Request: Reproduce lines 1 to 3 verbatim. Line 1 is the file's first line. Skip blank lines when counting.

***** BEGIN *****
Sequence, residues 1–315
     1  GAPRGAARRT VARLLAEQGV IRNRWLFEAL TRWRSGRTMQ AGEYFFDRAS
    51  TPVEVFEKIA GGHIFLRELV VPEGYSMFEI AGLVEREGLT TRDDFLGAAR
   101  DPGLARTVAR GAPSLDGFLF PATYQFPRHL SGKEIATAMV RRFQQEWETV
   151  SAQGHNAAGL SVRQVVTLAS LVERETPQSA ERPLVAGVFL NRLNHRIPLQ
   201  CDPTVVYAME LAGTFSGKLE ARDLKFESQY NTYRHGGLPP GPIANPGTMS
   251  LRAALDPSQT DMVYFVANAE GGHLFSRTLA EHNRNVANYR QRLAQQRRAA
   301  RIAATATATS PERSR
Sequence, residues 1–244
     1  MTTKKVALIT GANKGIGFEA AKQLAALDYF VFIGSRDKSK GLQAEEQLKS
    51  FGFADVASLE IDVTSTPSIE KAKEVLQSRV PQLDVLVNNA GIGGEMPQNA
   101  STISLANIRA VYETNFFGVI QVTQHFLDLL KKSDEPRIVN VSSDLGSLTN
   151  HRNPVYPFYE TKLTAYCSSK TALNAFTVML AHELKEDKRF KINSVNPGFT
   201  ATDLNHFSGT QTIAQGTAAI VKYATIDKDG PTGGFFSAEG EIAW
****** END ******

Sequence, residues 1–315
     1  GAPRGAARRT VARLLAEQGV IRNRWLFEAL TRWRSGRTMQ AGEYFFDRAS
    51  TPVEVFEKIA GGHIFLRELV VPEGYSMFEI AGLVEREGLT TRDDFLGAAR